There’s no doubt about it: Soaring mortgage rates are an economic shock to the U.S. housing market. Over the past month alone, the average 30-year fixed mortgage rate has spiked from 3.11% to 5.11%. It’s both pricing out some stretched homebuyers and causing some would-be borrowers to lose their mortgage eligibility.
The swift move up in mortgage rates also has research firms re-gearing their housing forecast models.
Heading into 2022, real estate research firms presumed the Federal Reserve would put upward pressure on rates—but not like this. On the year, the Mortgage Bankers Association forecasted the average 30-year fixed rate would climb to 4%, while Fannie Mae forecasted a 3.3% mortgage rate by year’s end. We blew past those estimates weeks ago.
Now, real estate researchers are dialing down their home price forecasts. On Wednesday, Zillow researchers released a revised forecast, predicting that U.S. home prices would rise 14.9% between March 2022 and March 2023. That’s down 2.9 percentage points from last month, when Zillow said home prices would shoot up 17.8% over the coming year.
“Driving the downwardly revised forecast are affordability headwinds that have strengthened faster than expected, largely due to sharp increases in mortgage rates,” wrote the Zillow researchers. “Further risks to the outlook as well: Inventory levels remain near record lows, but have the potential to recover faster than anticipated, which could lower future price and sales volume projections.”
The fact Zillow has cut its forecast shouldn’t come as a surprise. After all, this swift move up in rates is creating a serious affordability crunch for homebuyers. At a 3.11% fixed mortgage rate in December, a borrower would owe a principal and interest payment of $2,138 on a $500,000 mortgage. That payment would spike to $2,718 if taken out at a 5.11% rate. Over the course of the 30-year loan, that’s an additional $208,800.
If Zillow is right and home prices do rise another 14.9% over the coming 12 months, it’d mark another historically strong year for home price growth. Over the past 12 months, home prices are up a staggering 19.2%. Each of those figures are outliers compared to average annual U.S. home price growth of 4.6% posted since 1987.
“Even with the downward revision from last month, these figures would represent a remarkably competitive housing market in the coming year,” writes the Zillow researchers.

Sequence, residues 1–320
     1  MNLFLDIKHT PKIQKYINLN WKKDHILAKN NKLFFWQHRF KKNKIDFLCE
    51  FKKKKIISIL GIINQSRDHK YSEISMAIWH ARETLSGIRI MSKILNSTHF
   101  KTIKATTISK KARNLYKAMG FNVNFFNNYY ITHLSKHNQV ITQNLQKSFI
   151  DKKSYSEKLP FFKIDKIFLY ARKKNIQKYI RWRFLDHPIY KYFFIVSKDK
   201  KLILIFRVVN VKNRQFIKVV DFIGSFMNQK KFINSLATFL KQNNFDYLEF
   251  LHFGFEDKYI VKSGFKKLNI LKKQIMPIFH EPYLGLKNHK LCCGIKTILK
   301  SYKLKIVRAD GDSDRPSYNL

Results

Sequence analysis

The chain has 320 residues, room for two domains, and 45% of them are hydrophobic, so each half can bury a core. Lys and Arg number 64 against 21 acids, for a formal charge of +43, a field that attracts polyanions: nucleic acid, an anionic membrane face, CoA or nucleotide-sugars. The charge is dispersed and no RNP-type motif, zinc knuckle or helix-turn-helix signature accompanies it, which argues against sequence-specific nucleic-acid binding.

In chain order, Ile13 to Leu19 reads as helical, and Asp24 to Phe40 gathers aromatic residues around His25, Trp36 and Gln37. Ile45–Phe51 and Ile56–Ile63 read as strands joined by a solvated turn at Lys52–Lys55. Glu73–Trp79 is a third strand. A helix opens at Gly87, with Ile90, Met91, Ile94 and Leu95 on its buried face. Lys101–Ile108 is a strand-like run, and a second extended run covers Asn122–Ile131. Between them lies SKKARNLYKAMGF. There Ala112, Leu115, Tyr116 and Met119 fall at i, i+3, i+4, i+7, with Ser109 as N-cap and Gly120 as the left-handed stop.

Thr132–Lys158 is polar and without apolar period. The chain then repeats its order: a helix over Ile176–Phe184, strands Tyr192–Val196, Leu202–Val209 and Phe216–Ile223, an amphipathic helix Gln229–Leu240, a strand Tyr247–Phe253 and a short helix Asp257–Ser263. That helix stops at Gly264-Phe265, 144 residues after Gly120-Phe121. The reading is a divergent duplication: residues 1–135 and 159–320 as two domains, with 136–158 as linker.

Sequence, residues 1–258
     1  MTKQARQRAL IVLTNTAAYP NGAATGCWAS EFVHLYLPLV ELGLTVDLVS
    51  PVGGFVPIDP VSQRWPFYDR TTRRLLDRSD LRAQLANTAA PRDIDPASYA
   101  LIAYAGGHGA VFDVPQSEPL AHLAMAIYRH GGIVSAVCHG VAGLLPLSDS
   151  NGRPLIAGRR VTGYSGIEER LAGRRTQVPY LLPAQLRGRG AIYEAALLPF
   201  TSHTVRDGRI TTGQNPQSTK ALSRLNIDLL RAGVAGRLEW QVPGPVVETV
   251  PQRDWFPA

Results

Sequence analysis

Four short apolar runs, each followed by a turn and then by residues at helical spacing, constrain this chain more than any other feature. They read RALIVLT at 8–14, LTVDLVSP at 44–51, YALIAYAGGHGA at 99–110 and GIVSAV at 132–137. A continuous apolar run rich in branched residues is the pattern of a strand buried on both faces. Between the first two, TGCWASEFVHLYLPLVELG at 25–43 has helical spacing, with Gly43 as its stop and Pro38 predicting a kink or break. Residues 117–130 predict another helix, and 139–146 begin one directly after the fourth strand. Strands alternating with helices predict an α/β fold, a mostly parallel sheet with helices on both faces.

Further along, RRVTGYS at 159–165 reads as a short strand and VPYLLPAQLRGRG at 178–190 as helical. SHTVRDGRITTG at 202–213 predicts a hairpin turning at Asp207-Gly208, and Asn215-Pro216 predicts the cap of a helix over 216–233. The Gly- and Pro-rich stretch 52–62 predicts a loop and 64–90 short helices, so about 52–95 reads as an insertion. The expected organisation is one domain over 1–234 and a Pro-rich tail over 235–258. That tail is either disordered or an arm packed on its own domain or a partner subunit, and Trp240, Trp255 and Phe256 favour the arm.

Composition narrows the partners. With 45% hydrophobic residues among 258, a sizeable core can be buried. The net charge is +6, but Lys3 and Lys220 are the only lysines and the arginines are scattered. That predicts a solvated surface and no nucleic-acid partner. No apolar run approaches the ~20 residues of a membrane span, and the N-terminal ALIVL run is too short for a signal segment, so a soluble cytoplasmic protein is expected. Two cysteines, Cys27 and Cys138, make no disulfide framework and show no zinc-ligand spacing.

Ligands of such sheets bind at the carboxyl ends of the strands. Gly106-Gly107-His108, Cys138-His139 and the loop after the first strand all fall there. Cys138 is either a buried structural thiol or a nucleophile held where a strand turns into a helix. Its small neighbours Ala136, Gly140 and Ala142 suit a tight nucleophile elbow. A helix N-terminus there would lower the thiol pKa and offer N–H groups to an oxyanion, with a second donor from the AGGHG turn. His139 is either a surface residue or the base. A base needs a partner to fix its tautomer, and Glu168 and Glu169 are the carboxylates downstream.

But not everyone is as bullish as Zillow.
Over the coming year, CoreLogic predicts that home prices are set to decelerate to a 5% rate of growth. The Mortgage Bankers Association says home prices are poised to rise 4.8% over the coming 12 months, while Fannie Mae predicts home prices will rise 11.2% this year, and 4.2% in 2023.
Of course, there’s a chance they’re all wrong. The Federal Reserve Bank of Dallas has already found signs that U.S. home price growth is greater than underlying economic fundamentals would push it up. The title of the Dallas Fed paper is blunt: “Real-time market monitoring finds signs of brewing U.S. housing bubble.”
“Our evidence points to abnormal U.S. housing market behavior for the first time since the boom of the early 2000s. Reasons for concern are clear in certain economic indicators…prices appear increasingly out of step with fundamentals,” wrote the Dallas Fed researchers.
While CoreLogic says a housing market correction is unlikely over the coming year, the research firm does say most housing markets across the country are overpriced. The firm calculated a market risk assessment for nearly 400 metropolitan statistical areas. The finding? CoreLogic deems 65% of U.S. regional housing markets to be “overvalued.”
Both homebuyers and home sellers alike might want to take housing forecasts with a grain of salt. Look no further than the housing forecasts published during the COVID-19 recession. In the spring of 2020, both Zillow and CoreLogic published economic models predicting that U.S. home prices would fall by spring 2021. That price drop never came. Instead, the housing market went on a historic run that continues to today.
This story was originally featured on Fortune.com
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